Microsoft Edge received the lowest privacy rating in a recently published study that compared the user information collected by major browsers. Yandex, the less-popular browser developed by the Russian Web search provider Yandex, shared that dubious distinction. Brave, the upstart browser that makes privacy a priority, ranked the highest.
The rankings were revealed in a research paper published by Trinity College Dublin computer scientist Doug Leith. He analyzed and rated the privacy provided by Google Chrome, Mozilla Firefox, Apple Safari, Brave, Edge, and Yandex. Specifically, the study examined the browsers’ sending of data—including unique identifiers and details related to typed URLs—that could be used to track users over time. The findings put the browsers into three categories with Brave getting the highest ranking, Chrome, Firefox, and Safari receiving a medium ranking, and Edge and Yandex lagging behind the rest.
In the paper, Leith wrote:
Strong, Enduring Identifiers
Both Edge and Yandex send identifiers that are tied to device hardware, the study found. These unique strings, which can also link various apps running on the same device, remain the same even after fresh installs of the browsers. Edge sends the universally unique identifier of a device to a Microsoft server located at self.events.data.microsoft.com. This identifier can’t easily be changed or deleted. What’s more, the Edge feature that autocompletes website requests—and in so doing, sends details of typed sites to a backend server—can’t be disabled. The researcher said that he was unaware of any way users could disable the data collection.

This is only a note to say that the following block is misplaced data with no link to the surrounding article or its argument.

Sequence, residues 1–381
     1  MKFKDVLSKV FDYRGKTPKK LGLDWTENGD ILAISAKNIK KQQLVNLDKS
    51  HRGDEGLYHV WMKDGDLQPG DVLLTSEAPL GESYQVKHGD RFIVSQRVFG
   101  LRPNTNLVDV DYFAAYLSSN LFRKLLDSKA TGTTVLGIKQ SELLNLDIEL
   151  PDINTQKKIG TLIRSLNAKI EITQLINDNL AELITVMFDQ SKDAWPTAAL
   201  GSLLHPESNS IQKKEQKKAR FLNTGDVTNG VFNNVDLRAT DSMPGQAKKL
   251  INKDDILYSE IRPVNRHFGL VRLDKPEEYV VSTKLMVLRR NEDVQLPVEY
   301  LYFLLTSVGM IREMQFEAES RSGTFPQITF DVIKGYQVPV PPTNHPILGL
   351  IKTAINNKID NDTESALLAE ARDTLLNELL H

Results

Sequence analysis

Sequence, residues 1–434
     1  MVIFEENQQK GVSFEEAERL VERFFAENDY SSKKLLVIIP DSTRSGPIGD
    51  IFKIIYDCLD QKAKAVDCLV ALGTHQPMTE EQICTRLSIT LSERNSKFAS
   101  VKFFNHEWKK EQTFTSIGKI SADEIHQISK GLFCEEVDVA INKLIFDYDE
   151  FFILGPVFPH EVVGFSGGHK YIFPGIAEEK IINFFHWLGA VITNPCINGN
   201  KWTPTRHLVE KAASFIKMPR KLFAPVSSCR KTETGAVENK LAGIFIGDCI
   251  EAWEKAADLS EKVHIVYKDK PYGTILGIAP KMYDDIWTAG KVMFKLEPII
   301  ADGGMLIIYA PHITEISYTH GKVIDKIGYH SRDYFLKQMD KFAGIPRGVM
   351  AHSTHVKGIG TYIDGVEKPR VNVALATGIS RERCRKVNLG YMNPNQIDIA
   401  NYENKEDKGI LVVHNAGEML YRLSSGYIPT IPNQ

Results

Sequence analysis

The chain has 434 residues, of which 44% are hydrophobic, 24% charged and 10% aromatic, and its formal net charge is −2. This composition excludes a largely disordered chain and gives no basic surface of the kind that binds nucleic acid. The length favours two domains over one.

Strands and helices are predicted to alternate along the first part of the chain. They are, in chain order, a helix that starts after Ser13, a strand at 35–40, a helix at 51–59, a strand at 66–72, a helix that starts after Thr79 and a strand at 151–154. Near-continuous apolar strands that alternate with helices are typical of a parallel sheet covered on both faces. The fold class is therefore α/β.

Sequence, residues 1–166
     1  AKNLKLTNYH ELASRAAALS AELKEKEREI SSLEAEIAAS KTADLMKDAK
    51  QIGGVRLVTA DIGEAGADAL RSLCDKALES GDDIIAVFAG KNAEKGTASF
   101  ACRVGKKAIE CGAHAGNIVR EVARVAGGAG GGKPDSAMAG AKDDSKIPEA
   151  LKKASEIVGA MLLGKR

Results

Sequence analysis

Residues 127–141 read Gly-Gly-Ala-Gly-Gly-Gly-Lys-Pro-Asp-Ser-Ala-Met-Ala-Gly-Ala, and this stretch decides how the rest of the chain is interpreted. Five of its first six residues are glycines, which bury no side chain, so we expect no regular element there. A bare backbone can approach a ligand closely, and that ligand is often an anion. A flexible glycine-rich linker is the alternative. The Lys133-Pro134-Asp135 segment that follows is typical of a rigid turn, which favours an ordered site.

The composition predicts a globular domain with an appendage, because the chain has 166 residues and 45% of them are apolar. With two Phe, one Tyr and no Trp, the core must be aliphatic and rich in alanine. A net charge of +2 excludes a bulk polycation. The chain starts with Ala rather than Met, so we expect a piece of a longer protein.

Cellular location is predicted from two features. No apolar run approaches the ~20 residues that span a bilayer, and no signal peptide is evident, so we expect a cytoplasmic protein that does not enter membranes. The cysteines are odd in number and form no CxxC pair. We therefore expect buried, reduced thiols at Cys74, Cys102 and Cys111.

This story originally appeared on Ars Technica, a trusted source for technology news, tech policy analysis, reviews, and more. Ars is owned by WIRED’s parent company, Condé Nast.
Yandex, meanwhile, collected a cryptographic hash of the hardware MAC address and details of visited websites through the autocomplete function, although the latter could be disabled. Because Edge and Yandex collect identifiers that are linked to the hardware running the browsers, the data persists across fresh browser installs and can also be used to link various apps running on the same device. These identifiers can then be used to track IP addresses over time.
“Transmission of device identifiers to backend servers is obviously the most worrisome since it is a strong, enduring identifier of a user device that can be regenerated at will, including by other apps (so allowing linking of data across apps from the same manufacturer) and cannot be easily changed or reset by users,” the paper warned.